Jewish Literature Live is a unique course, in which students read and discuss the works of living writers, from established names to up-and-comers, and then have these writers come to visit their classes. Generously funded by GW alumnus and Trustee David Bruce Smith, Jewish Literature Live is now in its third year, and has begun to garner a national reputation for giving writers an opportunity to present and discuss their work with informed and lively student-readers. In addition to class visits, the JLL authors do a free public reading, either on campus at the Marvin Center or at the DC Jewish Community Center at 16th and Q Street NW. Among last year's participants was Howard Jacobson, who won the 2010 Booker Prize, and Ariel Sabar, who is currently teaching ENGL 81 in the English Department.
Here is the stellar line-up for the spring:
Kirsch is a frequent reviewer for the New York Times, The New Republic, Utne Reader and Slate. He is author of Benjamin Disraeli (Jewish Encounters), The Modern Element: Essays on Contemporary Poetry. He is also the author of two collections of poetry.
Gary ShteyngartThe acclaimed author of three novels, including Absurdistan and this year's Super Sad True Love Story, Shteyngart was also featured in The New Yorker magazine's recent "20 under 40" list of extraordinary young writers.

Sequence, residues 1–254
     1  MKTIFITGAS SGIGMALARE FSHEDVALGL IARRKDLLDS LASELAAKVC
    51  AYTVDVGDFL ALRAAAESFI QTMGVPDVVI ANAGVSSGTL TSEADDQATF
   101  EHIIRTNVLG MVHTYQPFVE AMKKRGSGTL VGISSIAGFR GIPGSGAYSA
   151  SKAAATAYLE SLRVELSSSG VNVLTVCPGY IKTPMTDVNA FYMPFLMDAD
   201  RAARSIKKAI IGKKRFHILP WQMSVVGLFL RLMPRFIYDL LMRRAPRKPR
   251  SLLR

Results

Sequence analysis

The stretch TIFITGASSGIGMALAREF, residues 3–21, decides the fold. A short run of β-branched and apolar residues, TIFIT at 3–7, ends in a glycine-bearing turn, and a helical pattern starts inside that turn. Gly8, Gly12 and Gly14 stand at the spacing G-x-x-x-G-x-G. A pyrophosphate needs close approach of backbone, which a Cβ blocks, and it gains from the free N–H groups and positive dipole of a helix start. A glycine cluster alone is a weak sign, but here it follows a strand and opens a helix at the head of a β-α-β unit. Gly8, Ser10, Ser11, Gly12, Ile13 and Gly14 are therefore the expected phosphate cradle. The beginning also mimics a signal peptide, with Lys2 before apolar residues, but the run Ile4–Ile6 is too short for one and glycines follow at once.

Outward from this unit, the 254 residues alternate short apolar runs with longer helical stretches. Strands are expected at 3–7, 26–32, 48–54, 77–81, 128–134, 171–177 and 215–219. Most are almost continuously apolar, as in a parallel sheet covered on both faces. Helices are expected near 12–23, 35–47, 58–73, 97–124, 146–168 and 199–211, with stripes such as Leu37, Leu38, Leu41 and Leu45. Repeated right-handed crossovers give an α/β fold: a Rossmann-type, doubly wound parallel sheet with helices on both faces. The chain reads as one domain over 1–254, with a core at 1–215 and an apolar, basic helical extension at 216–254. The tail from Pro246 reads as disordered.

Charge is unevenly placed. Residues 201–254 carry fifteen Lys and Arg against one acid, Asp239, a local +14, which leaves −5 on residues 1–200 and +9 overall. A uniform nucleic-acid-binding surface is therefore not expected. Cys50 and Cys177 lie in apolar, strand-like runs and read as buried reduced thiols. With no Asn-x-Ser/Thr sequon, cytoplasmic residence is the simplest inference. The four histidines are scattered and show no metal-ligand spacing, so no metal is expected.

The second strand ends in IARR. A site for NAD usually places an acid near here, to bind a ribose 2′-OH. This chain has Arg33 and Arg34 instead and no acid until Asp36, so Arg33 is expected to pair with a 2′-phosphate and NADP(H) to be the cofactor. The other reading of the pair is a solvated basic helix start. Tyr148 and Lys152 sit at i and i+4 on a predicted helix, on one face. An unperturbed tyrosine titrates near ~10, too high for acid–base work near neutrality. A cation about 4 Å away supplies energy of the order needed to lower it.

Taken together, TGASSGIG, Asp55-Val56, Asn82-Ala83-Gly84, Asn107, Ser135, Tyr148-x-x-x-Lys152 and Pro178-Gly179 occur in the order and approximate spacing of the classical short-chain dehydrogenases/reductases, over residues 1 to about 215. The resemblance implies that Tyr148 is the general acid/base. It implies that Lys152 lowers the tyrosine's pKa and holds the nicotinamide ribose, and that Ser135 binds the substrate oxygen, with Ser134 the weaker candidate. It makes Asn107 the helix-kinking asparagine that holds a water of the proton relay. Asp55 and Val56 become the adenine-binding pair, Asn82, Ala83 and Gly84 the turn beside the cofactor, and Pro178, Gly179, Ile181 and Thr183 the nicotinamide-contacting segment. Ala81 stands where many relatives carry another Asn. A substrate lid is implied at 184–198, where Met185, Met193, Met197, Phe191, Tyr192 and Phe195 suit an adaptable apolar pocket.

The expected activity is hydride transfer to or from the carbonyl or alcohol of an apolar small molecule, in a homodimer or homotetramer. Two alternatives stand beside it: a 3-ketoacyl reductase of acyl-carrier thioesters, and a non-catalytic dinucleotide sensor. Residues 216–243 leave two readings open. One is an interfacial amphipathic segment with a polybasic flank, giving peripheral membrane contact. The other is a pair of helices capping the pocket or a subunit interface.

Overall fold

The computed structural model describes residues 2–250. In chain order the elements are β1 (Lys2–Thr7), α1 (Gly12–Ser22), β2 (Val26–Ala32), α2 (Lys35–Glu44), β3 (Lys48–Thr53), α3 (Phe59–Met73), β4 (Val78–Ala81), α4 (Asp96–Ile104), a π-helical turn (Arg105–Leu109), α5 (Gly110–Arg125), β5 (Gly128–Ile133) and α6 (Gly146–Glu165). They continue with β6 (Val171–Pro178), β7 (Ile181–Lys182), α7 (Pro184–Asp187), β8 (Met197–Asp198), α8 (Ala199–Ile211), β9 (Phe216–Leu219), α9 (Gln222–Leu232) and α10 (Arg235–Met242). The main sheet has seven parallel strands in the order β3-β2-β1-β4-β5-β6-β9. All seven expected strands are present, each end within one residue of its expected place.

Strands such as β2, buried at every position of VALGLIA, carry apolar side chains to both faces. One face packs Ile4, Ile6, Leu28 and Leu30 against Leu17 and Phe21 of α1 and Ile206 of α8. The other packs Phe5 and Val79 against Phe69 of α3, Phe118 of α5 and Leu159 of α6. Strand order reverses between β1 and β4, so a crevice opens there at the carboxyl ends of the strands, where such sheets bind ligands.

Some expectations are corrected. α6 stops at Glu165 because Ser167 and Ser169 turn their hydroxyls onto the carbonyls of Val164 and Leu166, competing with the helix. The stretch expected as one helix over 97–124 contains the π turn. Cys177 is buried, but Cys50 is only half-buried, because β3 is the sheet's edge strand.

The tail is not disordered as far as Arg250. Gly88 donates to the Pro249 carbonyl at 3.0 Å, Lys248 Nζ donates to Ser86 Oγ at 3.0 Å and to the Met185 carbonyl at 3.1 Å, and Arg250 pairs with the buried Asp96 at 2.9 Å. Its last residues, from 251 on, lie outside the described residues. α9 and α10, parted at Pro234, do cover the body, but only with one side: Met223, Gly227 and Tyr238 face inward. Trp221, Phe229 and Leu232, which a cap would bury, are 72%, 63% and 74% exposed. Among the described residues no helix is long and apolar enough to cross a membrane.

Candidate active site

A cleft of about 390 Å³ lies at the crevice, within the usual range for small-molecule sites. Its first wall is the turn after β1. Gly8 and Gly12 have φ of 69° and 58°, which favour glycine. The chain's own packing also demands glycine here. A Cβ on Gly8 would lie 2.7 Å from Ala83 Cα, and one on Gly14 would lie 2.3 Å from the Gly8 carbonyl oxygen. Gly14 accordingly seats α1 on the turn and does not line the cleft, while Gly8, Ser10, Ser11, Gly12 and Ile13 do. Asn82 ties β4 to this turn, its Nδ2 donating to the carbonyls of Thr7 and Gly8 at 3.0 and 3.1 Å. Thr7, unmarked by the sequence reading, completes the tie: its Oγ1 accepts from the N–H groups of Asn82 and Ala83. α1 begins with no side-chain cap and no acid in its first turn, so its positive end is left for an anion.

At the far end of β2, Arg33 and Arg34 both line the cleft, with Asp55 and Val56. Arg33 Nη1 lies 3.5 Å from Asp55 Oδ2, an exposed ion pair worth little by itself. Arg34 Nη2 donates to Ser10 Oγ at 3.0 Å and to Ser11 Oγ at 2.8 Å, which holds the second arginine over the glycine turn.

Steve SternStern is the prize-winning author of several books about "The Pinch," the old Jewish section of
Memphis, Tennessee. His collection, The Wedding Jester, won the 2000 National Jewish Book Award.His newest book is the very well-received The Frozen Rabbi. He teaches at Skidmore College.
Filmmaker Lily Rivlin
Rivlin will visit class and screen her documentary on the writer Grace Paley. Students in JLL will read from Paley's Collected Stories.
Goodman is the author of 7 books, the most recent of which is The Cookbook Collector. The JLL class will read The Family Markovitz.
E.L. Doctorow is an American author of great distinction. His novel Ragtime has been called one of the hundred best novels of the 20th century. His works have been translated into more than 30 languages. He is the recipient of awards including the National Humanities Medal, the National Book Critics Circle Award, the National Book Award, and the PEN/Faulkner award. The class will read The Book of Daniel.
A fiction writer, Krasikov, who was born in the Ukraine, is winner of the $100,000 Sammy Rohr Prize for Emerging Jewish Writers. The class will read her prize-winning collection One More Year.